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Newbriefs GOP Irish honor own

February 16, 2011

By Staff Reporter

By Ray O’Hanlon

The National Assembly of Irish American Republicans honored three of their own last week during the group’s Fifth Annual awards presentation in Manhattan.

This year’s honorees were GOP representative John Sweeney from upstate New York; Joseph Seymour, the executive director of the Port Authority of New York and New Jersey, and Grant Lally, the chairman of the Irish for Bush/Cheney lobby group. Lally is also executive director of the National Assembly.

The awards were presented in a ceremony at the studios of Adrian Flannelly Promotions in Midtown Manhattan.

The three award winners were congratulated in a letter to the NAIAR from President Bush.

‘Mychal’ joins ‘Moira’

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The waterways around New York City are now being graced by the names of two Irish American heroes of Sept. 11.

The New York Waterways ferry “Moira Smith,” named after NYPD officer Moira Smith, the only female officer killed in the WTC attack, has been dedicated to Smith and her 22 fellow officers who died on 9/11. The boat bears the symbol of a Claddagh ring on its hull.

A few days later, the Father Mychal Judge, named after the Franciscan priest and FDNY chaplain who was killed while giving last rites at the World Trade Center, was also named and put into service.

The Fr. Mychal ferry is also dedicated to the 343 firefighters who lost their lives on 9/11.

The launch was attended by Fr. Mychal’s sisters Dympna and Erin, as well as New York City Fire Commissioner Nicholas Scoppetta.

Fr. Judge, could, in theory, have a second ferry named after him. Mychal was the name he chose when ordained a Franciscan. His parents actually named him Robert Emmet Judge.

Cattle raid of . . . Kabul?

Concern is rising for the safety of Irish aid workers in northern Afghanistan this week, but at least one serious incident was put down to an issue not unfamiliar to people back in Ireland.

A rocket last week struck a warehouse near Mazar-e-Sharif run by the Irish agency GOAl. An Afghan aid worker was killed in the explosion.

GOAL founder John O’Shea told the Echo that it appeared the rocket was fired after an argument developed between two men over some cattle.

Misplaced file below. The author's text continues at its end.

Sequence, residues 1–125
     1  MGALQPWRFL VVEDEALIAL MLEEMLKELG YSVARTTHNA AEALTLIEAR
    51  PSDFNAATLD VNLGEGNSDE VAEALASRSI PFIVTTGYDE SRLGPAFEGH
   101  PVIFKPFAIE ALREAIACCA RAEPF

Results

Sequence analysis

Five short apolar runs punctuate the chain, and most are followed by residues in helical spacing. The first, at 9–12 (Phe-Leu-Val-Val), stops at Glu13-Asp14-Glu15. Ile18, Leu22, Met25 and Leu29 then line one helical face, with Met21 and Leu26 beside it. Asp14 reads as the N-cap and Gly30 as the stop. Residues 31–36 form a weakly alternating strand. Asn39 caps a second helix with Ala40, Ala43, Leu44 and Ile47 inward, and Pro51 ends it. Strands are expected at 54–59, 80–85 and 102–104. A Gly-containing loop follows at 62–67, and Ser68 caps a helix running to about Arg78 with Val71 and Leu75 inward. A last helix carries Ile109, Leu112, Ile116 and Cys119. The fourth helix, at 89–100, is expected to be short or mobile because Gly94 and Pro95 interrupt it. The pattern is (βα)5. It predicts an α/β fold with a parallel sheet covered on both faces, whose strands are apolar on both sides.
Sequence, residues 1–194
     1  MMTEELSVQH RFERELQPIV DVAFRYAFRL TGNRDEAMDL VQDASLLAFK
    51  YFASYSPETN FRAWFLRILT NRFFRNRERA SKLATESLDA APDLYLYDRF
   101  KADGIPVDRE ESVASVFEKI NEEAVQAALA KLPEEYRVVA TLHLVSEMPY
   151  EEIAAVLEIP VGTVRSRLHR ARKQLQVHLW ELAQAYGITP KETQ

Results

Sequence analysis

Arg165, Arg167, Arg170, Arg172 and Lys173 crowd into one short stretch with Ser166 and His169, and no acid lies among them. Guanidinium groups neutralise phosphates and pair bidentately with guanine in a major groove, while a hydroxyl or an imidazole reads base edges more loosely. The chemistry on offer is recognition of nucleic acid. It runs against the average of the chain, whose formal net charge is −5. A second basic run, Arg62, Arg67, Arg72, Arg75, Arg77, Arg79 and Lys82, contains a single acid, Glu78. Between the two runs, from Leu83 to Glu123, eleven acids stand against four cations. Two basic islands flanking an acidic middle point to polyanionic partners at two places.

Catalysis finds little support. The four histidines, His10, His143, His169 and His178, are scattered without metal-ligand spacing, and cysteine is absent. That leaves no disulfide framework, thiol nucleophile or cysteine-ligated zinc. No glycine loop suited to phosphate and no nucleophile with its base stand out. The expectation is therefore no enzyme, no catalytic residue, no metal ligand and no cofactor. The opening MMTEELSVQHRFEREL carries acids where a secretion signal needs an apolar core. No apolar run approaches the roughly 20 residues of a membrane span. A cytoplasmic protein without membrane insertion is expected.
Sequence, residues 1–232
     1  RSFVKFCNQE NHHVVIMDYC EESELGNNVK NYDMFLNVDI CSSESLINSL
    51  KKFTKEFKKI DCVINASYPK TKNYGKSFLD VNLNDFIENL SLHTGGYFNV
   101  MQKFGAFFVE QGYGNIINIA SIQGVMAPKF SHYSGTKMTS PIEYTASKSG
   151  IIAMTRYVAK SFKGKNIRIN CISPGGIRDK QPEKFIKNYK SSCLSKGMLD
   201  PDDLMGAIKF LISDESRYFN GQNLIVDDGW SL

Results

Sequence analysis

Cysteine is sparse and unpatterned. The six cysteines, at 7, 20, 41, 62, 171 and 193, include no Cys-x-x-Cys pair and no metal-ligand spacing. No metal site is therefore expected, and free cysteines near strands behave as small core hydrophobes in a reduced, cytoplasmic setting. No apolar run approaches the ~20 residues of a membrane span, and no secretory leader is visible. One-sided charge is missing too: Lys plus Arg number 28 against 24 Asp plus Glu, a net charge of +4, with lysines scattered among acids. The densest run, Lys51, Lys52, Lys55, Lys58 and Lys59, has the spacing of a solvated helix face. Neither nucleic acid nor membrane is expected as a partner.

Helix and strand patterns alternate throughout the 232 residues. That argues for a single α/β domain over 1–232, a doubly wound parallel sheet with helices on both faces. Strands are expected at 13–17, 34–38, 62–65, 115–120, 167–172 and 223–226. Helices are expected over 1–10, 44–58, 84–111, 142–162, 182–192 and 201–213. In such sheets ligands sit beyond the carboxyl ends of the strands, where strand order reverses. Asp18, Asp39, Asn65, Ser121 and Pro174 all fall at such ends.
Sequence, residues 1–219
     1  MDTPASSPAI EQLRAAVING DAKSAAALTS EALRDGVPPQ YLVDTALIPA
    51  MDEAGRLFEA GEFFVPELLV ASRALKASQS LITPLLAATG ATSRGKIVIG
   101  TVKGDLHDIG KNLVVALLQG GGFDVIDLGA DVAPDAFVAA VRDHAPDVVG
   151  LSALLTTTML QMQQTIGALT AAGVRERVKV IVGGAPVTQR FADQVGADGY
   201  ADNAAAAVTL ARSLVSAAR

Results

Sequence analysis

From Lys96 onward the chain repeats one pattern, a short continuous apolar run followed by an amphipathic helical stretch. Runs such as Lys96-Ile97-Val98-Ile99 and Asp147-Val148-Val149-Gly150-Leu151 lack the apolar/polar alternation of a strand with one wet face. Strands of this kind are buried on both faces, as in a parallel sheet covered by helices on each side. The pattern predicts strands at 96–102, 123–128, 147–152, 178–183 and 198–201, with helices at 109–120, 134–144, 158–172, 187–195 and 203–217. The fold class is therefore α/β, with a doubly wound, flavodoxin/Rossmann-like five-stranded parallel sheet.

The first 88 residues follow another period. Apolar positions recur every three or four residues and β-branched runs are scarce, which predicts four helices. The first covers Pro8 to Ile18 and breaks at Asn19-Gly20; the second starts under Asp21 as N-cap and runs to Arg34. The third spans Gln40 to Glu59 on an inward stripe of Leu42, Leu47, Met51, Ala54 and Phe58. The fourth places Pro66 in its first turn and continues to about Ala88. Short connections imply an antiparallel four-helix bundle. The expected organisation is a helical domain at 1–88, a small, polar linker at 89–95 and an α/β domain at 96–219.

He said that the incident merely underlined the dangers aid workers currently face in Afghanistan. GOAL was allowing its Irish workers access to only certain areas at this time, he said.

O’Shea, meanwhile, will be in New York this week for the annual GOAL fund-raising ball. The agency, which bases its fund-raising on the support of leading sports personalities on both sides of the Atlantic, is marking its 25th anniversary this year.

Hear one, hear all

The New Jersey-based Lawyers Alliance for Justice in Ireland has urged the House of Representatives International Relations Committee to broaden the basis of any upcoming hearings into the three Irishmen detained in Colombia.

“The issue of terrorism originating in Colombia is broader than the criminal activities of FARC,” said Ed Lynch of the alliance in a letter to committee chairman Rep. Henry Hyde and Rep. Tom Lantos, the committee’s ranking Democrat.

“One of the individuals detained in Colombia has, or had, some affiliation with Sinn FTin,” Lynch said of a Niall Connolly.

“Certainly the committee is entitled to investigate that relationship and determine whether there is any credible evidence that this particular individual was in any way promoting terrorism.

Lynch said that under no circumstances should the conduct of one individual form a basis for a blanket condemnation of Sinn FTin.

The three Irishmen — Connolly, James Monaghan and Martin McCauley — face a likely trial stemming from charges of aiding the leftist FARC guerrillas.

IAUC demands probes

The Irish American Unity Conference is backing the call by families of the victims of the Omagh bombing for an independent inquiry.

In a statement, the IAUC said it was mindful of “persistent allegations of collusion by the British government in many incidents over the years.”

The IAUC said that these included the Dublin/Monaghan bombings, the killings on Bloody Sunday in Derry, and the murders of attorneys Pat Finucane and Rosemary Nelson.

Independent inquiries were needed in all these cases in addition to Omagh, according to the IAUC.

Mass for Sr. Sarah

A memorial Mass for Sister Sarah Clarke, who spent many years tending to the spiritual needs of Irish Republican prisoners in British jails, is being held in Manhattan on Tuesday, March 5, at 7 p.m.

The Mass is set for Leo House, 332 West 23rd St., between Eighth and Ninth Avenues. For details, call (212) 387-0911.

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